In the case of whole mouth saliva, there is a clear concentration dependence (as evident from the time course trend) which allows the deposition of soluble mucins to be attributed to the level of mucus production by the cells. Finally we see that other proteins such as cystatin S that also forms heterotypic complexes with mucins show a similar trend. At the same time statherin was not typically prominent in the pellicle in contrast to those formed on hydroxyapatite surface and air-saliva interfaces .
One surprising result was the lack of MUC7 binding, in particular to the HT29-MTX cell or when strong IgA adherence was observed. As described earlier in the paper, MUC7 is known to form complexes with IgA  and is also thought to be a strongly bound protein integral to the oral mucosal pellicle . Its lack of binding possibly indicates a lack of interaction with the mucins expressed on the cell lines used in this work. The surface mucins in this cell line are mostly MUC5AC whereas oral epithelial cells tend to express MUC1 and little MUC5AC.
These new insights into mucin binding to mucosal surfaces provide an important step in understanding mucosal pellicle formation as well as help to guide future work to understand pathological conditions such as xerostomia.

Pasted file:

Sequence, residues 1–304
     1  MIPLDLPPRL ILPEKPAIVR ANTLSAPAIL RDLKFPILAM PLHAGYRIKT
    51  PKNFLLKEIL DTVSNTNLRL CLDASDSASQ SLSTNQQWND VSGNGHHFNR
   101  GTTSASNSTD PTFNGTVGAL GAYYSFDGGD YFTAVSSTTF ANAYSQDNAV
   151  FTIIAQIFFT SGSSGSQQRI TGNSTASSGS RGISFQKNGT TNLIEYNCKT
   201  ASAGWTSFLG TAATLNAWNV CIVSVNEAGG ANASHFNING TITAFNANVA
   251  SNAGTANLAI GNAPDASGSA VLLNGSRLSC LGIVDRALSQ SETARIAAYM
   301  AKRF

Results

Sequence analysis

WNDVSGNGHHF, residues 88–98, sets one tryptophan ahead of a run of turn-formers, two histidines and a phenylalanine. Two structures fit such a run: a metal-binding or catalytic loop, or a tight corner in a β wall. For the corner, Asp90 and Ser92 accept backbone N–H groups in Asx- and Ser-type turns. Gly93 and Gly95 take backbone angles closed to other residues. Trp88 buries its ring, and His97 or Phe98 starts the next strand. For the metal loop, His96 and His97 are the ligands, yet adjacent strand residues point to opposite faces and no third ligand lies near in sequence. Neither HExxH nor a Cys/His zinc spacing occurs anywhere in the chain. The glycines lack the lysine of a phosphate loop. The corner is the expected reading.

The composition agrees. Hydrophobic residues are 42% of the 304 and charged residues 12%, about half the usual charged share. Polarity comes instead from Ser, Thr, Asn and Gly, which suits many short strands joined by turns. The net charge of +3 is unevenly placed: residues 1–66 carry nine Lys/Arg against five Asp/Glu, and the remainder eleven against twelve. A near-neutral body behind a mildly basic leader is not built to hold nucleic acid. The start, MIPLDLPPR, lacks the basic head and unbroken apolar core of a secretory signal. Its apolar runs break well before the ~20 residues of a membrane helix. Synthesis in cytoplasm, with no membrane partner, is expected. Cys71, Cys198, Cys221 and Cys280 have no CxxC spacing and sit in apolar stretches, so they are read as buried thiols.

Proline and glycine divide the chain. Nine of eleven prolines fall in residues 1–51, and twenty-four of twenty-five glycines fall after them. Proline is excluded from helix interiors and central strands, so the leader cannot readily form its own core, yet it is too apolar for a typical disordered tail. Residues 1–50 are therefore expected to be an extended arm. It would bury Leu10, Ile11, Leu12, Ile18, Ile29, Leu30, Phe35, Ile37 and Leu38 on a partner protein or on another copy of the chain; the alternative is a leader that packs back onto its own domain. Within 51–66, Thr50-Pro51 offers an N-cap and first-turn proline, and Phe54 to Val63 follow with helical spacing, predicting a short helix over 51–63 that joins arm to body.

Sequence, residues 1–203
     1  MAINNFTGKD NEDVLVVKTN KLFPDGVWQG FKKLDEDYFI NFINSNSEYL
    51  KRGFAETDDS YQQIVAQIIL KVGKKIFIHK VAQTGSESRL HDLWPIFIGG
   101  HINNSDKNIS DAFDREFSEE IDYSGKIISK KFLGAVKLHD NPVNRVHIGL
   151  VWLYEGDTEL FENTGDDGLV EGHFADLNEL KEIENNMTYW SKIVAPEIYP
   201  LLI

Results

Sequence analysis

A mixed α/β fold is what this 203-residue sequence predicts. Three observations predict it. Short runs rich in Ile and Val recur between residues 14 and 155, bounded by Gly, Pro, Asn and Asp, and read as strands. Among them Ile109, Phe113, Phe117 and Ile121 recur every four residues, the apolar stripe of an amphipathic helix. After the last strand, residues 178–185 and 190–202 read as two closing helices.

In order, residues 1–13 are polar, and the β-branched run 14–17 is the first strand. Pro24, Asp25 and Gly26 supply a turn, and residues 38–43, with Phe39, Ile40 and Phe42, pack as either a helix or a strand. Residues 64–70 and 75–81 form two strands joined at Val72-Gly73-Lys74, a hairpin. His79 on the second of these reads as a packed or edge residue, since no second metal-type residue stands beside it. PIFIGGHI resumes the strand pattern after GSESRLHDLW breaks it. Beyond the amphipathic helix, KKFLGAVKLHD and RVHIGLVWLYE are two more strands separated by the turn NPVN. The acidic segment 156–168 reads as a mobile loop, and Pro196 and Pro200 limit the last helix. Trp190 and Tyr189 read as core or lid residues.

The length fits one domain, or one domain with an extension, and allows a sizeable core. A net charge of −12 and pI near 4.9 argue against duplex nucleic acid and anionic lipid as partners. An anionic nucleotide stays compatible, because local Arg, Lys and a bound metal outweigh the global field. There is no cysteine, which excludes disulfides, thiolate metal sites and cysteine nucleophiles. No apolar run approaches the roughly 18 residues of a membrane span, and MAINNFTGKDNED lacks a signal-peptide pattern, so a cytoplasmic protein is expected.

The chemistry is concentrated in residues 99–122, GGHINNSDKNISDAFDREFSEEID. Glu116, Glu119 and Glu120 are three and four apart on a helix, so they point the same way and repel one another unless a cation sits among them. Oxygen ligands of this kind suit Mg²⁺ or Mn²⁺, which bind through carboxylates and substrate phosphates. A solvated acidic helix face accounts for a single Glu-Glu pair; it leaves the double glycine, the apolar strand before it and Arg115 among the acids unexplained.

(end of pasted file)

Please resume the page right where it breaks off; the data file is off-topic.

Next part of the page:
S1 Data. Supporting information—Data Analysis.
Excel spread sheets containing raw data for the paper entitled ‘SIgA binding to mucosal surfaces is mediated by mucin-mucin interactions’. Data includes the BCA total protein data for cell homogenates and ELISA results for IgA bound to cells.
H.L.G. and G.Y. would like to thank Eleanor D'Agostino (Unilever R&D Colworth, Bedford, UK) who kindly sent us the HT29 and HT29-MTX cell lines and provide a comprehensive advice on culturing methodology. G.Y. would like to thank the Australian Research Council Centre of Excellence in Plant Cell Walls and A/Prof. Jason Stokes (School of Chemical Engineering, The University of Queensland) for helpful discussions and support in the later stages of this work.
Conceived and designed the experiments: HG GY GC GP SW. Performed the experiments: HG. Analyzed the data: HG. Contributed reagents/materials/analysis tools: SW GY GC GP. Wrote the paper: HG GY GC GP SW.